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North Korean Leadership Tips

By Tom Peterson

North Korean leaders recently celebrated the 100th birthday of Kim Il Sung. I was privileged to see some of the monuments to his greatness when I was there in 1999 for an international nonprofit. We had gone to coordinate a shipment of breeding goats that were hand picked in France and flown in by plane.

We were put up in a “fancy” government retreat center a half hour from Pyongyang. It was a pretty setting, on the side of a mountain and facing a lake. But in this country, you’d complain about the room, for sure.

There was absolutely nothing to do in the evenings, so I asked several different staff if they had a piano I could play and was always told no. But the pause before the “no” made me wonder. Then one guy said, “Follow me.” We walked down this dark hall that went on forever. It struck me: we’re going under the mountain — a bomb shelter! Finally, he opened some double doors, and we were standing in a huge ballroom, with wood floors and a full stage with a baby grand and drums.

What foresight, I thought. In a worst case scenario, the leaders would still have live music. Because North Korean leaders are so different, we usually don’t realize how much they have to teach us. Here are a few principles:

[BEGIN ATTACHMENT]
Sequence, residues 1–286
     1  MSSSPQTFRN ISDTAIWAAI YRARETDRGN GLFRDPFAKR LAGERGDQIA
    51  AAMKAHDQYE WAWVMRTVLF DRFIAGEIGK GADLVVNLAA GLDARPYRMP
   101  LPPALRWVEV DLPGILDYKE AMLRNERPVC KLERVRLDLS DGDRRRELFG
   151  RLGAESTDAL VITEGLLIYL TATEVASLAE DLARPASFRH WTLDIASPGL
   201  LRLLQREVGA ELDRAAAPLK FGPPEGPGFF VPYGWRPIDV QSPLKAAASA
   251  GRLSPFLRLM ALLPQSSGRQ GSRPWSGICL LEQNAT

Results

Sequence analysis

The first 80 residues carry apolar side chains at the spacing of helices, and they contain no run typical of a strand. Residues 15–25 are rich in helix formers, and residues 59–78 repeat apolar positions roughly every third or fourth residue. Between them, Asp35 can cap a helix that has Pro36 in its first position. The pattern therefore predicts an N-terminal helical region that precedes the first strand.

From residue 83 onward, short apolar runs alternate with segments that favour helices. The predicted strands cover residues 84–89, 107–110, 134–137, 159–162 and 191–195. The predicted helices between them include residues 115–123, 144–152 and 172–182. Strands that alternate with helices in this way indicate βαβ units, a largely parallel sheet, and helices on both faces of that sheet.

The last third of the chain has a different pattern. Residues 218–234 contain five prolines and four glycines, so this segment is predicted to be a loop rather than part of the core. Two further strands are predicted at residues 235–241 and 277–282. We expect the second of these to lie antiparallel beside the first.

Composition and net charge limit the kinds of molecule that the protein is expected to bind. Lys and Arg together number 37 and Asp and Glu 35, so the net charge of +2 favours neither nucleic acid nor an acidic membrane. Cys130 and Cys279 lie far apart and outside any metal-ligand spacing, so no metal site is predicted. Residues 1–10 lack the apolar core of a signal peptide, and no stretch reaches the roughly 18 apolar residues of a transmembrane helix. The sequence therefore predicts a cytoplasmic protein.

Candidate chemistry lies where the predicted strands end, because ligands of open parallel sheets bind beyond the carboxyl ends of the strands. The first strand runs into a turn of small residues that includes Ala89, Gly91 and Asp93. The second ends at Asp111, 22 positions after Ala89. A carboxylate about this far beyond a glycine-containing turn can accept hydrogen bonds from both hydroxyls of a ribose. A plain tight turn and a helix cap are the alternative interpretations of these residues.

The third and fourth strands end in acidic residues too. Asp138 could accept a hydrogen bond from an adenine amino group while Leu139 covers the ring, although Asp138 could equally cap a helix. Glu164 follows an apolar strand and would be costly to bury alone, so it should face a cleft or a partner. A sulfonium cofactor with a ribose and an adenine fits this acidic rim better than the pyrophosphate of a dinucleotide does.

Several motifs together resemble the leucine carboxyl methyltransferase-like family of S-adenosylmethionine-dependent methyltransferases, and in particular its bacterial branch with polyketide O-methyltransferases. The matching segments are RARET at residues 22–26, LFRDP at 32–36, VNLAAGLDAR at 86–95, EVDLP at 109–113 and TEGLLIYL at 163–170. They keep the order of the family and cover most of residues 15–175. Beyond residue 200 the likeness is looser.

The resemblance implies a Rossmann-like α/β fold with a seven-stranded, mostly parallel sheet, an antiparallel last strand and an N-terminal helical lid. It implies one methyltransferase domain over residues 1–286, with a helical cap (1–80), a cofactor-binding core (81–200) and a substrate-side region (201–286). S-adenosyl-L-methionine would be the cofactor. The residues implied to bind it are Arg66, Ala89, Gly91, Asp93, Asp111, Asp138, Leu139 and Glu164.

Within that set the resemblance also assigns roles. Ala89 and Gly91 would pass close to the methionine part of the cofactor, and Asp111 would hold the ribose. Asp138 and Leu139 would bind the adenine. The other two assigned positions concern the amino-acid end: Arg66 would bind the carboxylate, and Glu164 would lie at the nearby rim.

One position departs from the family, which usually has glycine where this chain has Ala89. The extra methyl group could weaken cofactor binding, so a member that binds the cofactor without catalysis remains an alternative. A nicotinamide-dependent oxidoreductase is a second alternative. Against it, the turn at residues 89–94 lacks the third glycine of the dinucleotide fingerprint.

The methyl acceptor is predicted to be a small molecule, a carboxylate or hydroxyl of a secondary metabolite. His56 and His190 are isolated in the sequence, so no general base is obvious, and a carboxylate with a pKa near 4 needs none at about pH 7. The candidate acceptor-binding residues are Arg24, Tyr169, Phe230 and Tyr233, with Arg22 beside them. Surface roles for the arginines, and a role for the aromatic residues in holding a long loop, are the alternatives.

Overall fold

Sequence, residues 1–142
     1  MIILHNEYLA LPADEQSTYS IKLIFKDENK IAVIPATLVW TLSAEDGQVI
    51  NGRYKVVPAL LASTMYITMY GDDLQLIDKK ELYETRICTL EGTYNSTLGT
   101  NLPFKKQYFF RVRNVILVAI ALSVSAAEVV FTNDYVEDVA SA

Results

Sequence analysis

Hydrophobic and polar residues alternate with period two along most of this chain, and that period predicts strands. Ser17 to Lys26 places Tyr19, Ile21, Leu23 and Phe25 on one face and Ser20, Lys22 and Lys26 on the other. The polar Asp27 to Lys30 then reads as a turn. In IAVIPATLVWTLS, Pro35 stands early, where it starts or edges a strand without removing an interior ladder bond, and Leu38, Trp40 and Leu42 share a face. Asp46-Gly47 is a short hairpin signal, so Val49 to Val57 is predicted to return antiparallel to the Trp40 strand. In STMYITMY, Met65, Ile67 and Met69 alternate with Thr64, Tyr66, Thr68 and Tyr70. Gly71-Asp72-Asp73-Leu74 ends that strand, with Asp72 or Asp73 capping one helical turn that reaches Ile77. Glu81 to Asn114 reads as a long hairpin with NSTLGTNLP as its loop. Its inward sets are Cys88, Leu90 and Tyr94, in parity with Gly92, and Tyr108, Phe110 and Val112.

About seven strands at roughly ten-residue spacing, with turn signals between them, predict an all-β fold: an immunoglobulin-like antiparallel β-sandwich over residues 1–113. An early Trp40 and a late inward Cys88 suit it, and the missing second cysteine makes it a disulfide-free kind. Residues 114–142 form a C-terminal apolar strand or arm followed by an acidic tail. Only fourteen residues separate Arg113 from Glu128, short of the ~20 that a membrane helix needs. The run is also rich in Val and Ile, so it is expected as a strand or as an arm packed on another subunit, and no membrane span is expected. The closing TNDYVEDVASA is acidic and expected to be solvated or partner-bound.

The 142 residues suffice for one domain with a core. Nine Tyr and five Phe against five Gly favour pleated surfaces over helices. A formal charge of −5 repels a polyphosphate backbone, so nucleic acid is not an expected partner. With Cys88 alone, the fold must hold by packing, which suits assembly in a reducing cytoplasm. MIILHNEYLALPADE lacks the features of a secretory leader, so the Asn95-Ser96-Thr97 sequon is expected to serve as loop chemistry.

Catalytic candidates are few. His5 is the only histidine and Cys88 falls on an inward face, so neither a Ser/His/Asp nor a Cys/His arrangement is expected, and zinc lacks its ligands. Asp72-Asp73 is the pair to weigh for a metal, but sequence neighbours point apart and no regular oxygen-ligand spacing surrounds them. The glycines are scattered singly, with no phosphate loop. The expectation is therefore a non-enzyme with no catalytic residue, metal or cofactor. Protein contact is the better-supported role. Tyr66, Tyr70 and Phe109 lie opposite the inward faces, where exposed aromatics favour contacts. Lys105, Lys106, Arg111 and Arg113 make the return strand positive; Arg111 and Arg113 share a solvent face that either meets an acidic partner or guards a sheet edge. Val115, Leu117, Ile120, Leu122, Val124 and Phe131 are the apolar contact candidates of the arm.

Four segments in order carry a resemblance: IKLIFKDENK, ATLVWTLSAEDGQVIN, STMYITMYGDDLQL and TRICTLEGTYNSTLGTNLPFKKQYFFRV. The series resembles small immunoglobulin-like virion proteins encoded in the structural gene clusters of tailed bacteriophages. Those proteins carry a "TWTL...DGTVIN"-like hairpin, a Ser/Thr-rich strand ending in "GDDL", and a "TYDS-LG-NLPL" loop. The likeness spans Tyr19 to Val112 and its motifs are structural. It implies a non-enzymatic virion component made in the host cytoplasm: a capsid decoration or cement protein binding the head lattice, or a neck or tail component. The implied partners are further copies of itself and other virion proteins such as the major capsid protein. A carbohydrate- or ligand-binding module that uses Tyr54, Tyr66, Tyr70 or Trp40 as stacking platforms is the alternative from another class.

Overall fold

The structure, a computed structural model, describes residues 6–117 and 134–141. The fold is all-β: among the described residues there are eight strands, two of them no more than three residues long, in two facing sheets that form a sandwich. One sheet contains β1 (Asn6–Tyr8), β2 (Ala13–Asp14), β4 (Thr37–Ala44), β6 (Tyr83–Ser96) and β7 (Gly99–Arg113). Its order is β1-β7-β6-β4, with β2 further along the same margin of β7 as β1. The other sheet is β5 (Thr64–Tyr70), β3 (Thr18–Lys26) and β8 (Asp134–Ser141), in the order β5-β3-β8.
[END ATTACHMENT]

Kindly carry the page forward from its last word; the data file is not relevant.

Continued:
1. Don’t be distracted by the little people. Some feel that deep, across-the-board talent is an organization’s greatest asset. It’s actually more important to boost your leadership with a strong military or by creating an atmosphere of fear. If the leaders don’t survive, who will lead?
  2. Keep doing the things that worked really well for you in the past. The fifties and sixties were the golden age. Innovation is overrated and can lead to a coup or worse.
  3. Put on frequent extravaganzas. The Dear North Korean Leader’s 100th birthday was a great reason for a big-time public display. Excessive celebrations will remind everyone how wonderful your organization is thanks to your leadership.
  4. Don’t worry about playing well with others. Collaboration is overrated. Screw them!
  5. Show is more important than substance. Don’t waste limited resources trying to nourish and develop everyone when you can help a much smaller group at a fraction of the cost. Be sure to showcase that group, because perception is reality.
  6. Occasionally piss off the other players. Nothing like kidnapping the citizens of competitors to remind them not to cross you or to get them to do what you want.North Korean leadership tips
  7. Occasionally do something really insane. Sink a ship, test a weapon, try to sneak into Japan to see Disneyland. This keeps everyone off guard, on edge, reminds them who’s in charge.
  8. Keep a disciplined control of communications. Allowing people to freely associate and express themselves, allowing unfettered access to the internet, and so on, can undermine the authority of your leadership.
  9. Keep your plans and everything else close to the chest. Don’t give away your secrets. Once they know your intentions, you lose all power. Transparency is overrated.
  10. Perpetuate a cult of personality. Invest that little bit extra to assure the supremacy of your leadership. If people want to believe you can control the weather, let them. Those 30-percent-larger-than-normal military hats subtly say, “These people are really important.” Plus they’re awesome!

Amazing video: Patrik Wallner. Photo: Gilad.rom, Creative Commons

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